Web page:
Dramatic Works: From the Text of Johnson, Stevens and Reed; with Glossarial Notes, Life, Etc, Volume 4
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answer Antony Apem Attendants bear better blood bring Brutus Cæsar Cassio Cleo comes daughter dead dear death dost doth Emil Enter Exeunt Exit eyes face fair fall farewell father fear follow fool fortune friends give gods gone Hamlet hand hath head hear heart heaven hence hold honest honour I'll Iago Italy keep Kent king lady Lear leave live look lord madam married master means nature never night noble Nurse once peace play poor Post pray present Queen Romeo SCENE Serv servant soul speak stand stay sweet sword tell thank thee There's thine thing thou thou art thou hast thought Timon true villain wife
Page 436 - O, it offends me to the soul to hear a robustious periwig-pated fellow tear a passion to tatters, to very rags, to split the ears of the groundlings, who, for the most part, are capable of nothing but inexplicable dumbshows and noise : I would have such a fellow whipped for o'erdoing Termagant ; it outherods Herod : pray you, avoid it.
Page 2 - O, you hard hearts, you cruel men of Rome, Knew you not Pompey? Many a time and oft Have you climb'd up to walls and battlements, To towers and windows, yea, to chimney-tops, Your infants in your arms, and there have sat The live-long day, with patient expectation, To see great Pompey pass the streets of Rome: And when you saw his chariot but appear, Have you not made an universal shout, That Tiber trembled underneath her banks, To hear the replication of your sounds, Made in her concave shores?
Page 436 - And let those that play your clowns, speak no more than is set down for them ; for there be of them, that will themselves laugh, to set on some quantity of barren spectators to laugh too ; though, in the mean time, some necessary question of the play be then to be considered. That's villanous ; and shows a most pitiful ambition in the fool that uses it.
Page 437 - As one, in suffering all, that suffers nothing ; A man that fortune's buffets and rewards Hast ta'en with equal thanks : and blest are those Whose blood and judgment are so well commingled That they are not a pipe for fortune's finger To sound what stop she please. Give me that man That is not passion's slave, and I will wear him In my heart's core, ay, in my heart of heart, As I do thee.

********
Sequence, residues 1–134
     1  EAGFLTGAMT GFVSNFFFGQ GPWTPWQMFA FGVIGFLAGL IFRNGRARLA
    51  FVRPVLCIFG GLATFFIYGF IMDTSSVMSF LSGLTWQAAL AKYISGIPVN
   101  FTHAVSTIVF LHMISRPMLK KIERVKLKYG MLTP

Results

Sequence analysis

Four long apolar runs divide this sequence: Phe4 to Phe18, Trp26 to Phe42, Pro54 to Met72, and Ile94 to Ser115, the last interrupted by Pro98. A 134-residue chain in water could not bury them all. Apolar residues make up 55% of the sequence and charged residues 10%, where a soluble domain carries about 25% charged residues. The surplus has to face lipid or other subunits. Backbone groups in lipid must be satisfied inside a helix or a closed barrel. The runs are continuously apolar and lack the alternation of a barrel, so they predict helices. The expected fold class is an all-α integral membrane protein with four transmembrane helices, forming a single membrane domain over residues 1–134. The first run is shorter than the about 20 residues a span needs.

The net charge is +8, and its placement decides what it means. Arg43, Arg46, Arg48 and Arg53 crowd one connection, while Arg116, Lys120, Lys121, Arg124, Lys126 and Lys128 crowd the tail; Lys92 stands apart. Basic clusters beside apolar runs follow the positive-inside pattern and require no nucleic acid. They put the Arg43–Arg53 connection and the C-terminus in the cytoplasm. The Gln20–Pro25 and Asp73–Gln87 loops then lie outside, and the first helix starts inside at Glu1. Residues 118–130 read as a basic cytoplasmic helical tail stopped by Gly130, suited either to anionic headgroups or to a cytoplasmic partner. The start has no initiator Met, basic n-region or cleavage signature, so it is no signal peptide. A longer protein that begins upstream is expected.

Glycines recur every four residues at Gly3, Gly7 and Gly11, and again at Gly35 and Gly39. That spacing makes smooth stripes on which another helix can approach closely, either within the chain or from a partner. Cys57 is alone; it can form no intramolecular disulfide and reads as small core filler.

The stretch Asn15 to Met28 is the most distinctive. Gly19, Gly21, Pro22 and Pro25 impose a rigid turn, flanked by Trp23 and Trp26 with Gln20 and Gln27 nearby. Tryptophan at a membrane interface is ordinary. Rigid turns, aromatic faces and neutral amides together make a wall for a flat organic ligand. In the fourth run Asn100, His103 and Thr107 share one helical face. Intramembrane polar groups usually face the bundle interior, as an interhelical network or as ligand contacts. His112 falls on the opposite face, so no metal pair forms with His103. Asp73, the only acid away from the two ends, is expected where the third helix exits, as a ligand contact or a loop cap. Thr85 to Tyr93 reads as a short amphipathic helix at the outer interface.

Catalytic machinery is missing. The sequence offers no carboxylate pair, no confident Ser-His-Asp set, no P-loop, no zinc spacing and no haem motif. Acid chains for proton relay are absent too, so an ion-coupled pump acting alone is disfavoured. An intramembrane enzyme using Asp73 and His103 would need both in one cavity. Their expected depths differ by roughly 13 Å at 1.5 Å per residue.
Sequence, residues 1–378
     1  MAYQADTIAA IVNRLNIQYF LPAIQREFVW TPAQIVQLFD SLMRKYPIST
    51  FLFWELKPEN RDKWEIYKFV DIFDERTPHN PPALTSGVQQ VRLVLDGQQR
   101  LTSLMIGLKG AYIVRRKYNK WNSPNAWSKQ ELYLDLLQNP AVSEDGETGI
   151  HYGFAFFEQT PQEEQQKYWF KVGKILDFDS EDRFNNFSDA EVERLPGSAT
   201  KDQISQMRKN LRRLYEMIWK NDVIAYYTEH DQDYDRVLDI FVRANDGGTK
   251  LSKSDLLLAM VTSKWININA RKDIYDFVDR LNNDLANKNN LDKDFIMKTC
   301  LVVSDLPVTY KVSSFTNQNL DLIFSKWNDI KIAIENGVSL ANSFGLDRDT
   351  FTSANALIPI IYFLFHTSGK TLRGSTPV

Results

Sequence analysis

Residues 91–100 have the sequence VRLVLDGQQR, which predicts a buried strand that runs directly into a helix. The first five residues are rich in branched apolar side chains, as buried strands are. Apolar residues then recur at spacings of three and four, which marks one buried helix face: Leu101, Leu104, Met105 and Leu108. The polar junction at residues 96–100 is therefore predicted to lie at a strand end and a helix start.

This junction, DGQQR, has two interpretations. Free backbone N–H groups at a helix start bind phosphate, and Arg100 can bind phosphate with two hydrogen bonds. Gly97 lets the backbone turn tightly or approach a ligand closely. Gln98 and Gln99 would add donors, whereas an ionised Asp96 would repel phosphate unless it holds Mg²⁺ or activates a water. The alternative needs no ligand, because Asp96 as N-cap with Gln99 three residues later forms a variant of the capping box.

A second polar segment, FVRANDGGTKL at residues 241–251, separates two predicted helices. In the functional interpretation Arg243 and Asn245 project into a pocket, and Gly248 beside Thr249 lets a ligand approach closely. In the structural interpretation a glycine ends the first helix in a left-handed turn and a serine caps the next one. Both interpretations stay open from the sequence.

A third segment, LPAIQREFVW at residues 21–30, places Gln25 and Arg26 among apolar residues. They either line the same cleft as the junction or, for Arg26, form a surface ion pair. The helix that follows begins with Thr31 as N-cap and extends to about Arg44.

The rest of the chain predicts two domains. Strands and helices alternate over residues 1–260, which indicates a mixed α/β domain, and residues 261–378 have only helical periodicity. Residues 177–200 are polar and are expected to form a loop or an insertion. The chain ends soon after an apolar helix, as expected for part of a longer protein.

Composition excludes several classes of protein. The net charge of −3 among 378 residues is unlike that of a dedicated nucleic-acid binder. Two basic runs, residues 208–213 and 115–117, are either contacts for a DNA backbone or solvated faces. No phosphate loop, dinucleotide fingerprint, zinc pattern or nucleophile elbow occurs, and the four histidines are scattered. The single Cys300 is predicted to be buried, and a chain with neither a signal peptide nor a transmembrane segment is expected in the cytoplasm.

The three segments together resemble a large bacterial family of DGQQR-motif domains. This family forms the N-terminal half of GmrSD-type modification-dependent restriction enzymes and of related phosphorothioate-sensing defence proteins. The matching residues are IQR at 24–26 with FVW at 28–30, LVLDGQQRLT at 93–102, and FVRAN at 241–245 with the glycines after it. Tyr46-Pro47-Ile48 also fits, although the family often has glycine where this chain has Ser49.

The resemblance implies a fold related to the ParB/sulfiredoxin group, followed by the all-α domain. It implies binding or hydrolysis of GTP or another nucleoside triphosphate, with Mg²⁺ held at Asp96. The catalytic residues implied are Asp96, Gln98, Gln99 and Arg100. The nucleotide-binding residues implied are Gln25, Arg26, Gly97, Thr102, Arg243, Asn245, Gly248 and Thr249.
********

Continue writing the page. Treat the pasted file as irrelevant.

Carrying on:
Page 30 - A curse shall light upon the limbs of men; Domestic fury and fierce civil strife Shall cumber all the parts of Italy ; Blood and destruction shall be so in use, And dreadful objects so familiar, That mothers shall but smile when they behold Their infants quarter'd with the hands of war ; All pity choked with custom of fell deeds : And Caesar's spirit ranging for revenge, With Ate by his side come hot from hell, Shall in these confines with a monarch's voice Cry
Page 520 - O now, for ever, Farewell the tranquil mind ! farewell content ! Farewell the plumed troop, and the big wars, That make ambition virtue ! O, farewell! Farewell the neighing steed, and the shrill trump, The spirit-stirring drum, the ear-piercing fife, The royal banner; and all quality, Pride, pomp, and circumstance of glorious war ! And O you mortal engines, whose rude throats The .immortal Jove's dread clamours counterfeit, Farewell ! Othello's occupation's gone ! logo.
Page 491 - She'd come again, and with a greedy ear Devour up my discourse : which, I observing, Took once a pliant hour, and found good means To draw from her a prayer of earnest heart, That I would all my pilgrimage dilate, Whereof by parcels...
Page 40 - All this ? ay, more : Fret, till your proud heart break ; Go, show your slaves how choleric you are, And make your bondmen tremble. Must I budge ? Must I observe you ? Must I stand and crouch Under your testy humour ? By the gods, You shall digest the venom of your spleen, Though it do split you ! for, from this day forth, I'll use you for my mirth, yea, for my laughter, When you are waspish.
Page 412 - Angels and ministers of grace defend us! Be thou a spirit of health or goblin damn'd, Bring with thee airs from heaven or blasts from hell, Be thy intents wicked or charitable, Thou com'st in such a questionable shape, That I will speak to thee: I'll call thee Hamlet, King, father, royal Dane, O, answer me!
Page 402 - gainst that season comes Wherein our saviour's birth is celebrated, This bird of dawning singeth all night long : And then, they say, no spirit dares stir abroad ; The nights are wholesome ; then no planets strike, No fairy takes, nor witch hath power to charm, So hallow'd and so gracious is the time.